Deanna Rodriguez can still hear the silence.
In the wake of Hurricane Ida, the newly-minted chief executive of Entergy New Orleans, surveyed the damage. But it was the quiet that struck her most.
Less than 90 days in the role, Rodriguez encountered a fatality, tornado, hurricane, and a public relations storm that swirled around the company’s new peaker power plant.
Rodriguez clearly realized that her charge of leading the utility into a more resilient and cleaner future would not come without costs.
“It’s expensive and requires a lot of communication,” Rodriguez said during the keynote address at POWERGEN International 2024 in New Orleans.
Rodriguez’s role requires her to think about the future. An order from the New Orleans City Council to submit a resiliency plan in response to Hurricane Ida further solidified the imperative.
Seeing into the future, though, can be daunting. Especially without a roadmap.
Brian David Johnson, an applied futurist and professor who headlined the POWERGEN keynote, pushed attendees to embrace the power of “dumb ideas” when planning for the future.
An idea is only “dumb” until someone realizes its genius, he said. The exercise also triggers imaginative collaboration that will be critical as the power industry evolves in the coming decades.
Johnson himself went through the process as an internal futurist at IBM, tasked with predicting consumer behaviors for chip investments that take 10-15 years to materialize.
“You’ll see your team, and yourself, do some crazy stuff,” Johnson said. “You have really important things to solve, and this is a way to actually go through and begin to solve them, and come up with some of those things that people have never thought of before.”
Large corporations, like Microsoft, are dependent on the power industry to evolve and embrace The Next Big Thing, in large part due to ambitious climate and clean energy goals.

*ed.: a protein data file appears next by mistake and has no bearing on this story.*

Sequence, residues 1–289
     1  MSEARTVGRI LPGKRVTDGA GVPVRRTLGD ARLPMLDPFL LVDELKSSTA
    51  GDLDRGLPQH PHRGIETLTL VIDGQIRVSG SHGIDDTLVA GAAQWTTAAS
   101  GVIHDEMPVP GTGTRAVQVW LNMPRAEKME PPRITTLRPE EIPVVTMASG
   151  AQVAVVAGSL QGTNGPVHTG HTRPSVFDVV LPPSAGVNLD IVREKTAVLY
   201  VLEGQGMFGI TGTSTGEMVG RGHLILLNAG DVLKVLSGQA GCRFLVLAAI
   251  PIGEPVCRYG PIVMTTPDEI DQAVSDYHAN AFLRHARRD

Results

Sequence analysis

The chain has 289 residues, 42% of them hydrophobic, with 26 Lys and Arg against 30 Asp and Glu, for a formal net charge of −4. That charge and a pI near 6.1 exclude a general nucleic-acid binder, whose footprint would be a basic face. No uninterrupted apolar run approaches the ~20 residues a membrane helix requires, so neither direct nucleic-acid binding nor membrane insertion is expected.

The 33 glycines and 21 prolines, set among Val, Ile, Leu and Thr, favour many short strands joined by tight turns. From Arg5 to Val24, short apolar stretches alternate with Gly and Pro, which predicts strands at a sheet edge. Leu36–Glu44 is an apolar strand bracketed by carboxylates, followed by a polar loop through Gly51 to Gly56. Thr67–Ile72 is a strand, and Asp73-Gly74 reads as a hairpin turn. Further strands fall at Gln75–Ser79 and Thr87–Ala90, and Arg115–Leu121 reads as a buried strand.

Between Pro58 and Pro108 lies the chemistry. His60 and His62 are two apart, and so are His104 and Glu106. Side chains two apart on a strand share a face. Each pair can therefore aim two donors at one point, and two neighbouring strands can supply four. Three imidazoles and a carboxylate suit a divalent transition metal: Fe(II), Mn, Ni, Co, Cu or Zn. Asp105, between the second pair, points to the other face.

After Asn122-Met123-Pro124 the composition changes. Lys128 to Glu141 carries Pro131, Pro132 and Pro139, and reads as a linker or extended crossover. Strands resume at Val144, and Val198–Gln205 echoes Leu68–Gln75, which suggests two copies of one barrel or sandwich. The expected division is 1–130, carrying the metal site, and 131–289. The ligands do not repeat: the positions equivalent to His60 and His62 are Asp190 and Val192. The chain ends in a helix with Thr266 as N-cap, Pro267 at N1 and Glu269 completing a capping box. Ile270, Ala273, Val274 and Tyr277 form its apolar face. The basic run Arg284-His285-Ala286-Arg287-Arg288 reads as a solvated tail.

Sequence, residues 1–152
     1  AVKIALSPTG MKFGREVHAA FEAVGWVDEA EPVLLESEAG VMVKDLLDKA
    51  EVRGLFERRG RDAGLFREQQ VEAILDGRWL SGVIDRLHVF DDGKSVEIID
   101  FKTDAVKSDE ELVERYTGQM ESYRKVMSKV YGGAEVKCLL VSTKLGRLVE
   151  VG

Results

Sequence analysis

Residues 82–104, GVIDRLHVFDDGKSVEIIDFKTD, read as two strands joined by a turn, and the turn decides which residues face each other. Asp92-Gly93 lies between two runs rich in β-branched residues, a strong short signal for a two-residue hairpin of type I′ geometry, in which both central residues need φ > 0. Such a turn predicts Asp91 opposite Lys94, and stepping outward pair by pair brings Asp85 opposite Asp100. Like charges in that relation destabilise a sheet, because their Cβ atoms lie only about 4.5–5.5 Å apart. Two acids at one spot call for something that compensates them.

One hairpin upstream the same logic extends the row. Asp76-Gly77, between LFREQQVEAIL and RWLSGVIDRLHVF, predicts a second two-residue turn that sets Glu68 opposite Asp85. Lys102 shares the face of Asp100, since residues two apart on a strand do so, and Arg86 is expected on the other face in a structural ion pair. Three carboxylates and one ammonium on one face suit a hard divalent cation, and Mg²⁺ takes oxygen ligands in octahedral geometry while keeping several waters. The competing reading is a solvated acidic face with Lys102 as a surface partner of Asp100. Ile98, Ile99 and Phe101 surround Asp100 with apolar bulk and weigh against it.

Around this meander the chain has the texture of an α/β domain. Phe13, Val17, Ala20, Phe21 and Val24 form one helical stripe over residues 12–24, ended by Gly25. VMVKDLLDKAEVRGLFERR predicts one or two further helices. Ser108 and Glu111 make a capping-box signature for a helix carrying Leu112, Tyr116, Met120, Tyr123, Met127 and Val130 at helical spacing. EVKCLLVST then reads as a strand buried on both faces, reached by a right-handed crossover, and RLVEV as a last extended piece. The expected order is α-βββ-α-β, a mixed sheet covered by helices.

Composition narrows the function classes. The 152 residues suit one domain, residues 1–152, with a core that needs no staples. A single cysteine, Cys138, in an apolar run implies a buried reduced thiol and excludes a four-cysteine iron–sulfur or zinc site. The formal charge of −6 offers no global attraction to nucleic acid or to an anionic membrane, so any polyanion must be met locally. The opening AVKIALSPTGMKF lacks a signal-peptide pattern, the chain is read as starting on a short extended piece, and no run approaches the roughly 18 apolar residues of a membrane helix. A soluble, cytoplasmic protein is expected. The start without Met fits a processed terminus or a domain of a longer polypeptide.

Todd Noe, Microsoft’s director of nuclear technologies engineering, told the POWERGEN International keynote audience that nuclear energy stands to play a pivotal role in the company’s carbon-negative efforts. He added that small modular reactors (SMR), hydrogen, and long-duration energy storage technologies could also prove crucial.
“Our vision is we seek to have a decarbonized grid, not just for Microsoft, but our customers around the world,” Noe said. “We don’t see any one carbon-free technology that’s going to be the answer.”
A piece of that puzzle, particularly in the future, is carbon capture and storage.
Brad Crabtree, assistant secretary for the Department of Energy’s Office of Fossil Energy and Carbon Management, said scaling carbon capture retrofits for aging coal fleets will be “critical” to meeting international climate obligations.
“Demonstrating U.S. leadership here at home, scaling up the technology, reducing costs, and building industry confidence can have a global impact,” Crabtree said.
This post appeared first on Power Engineering.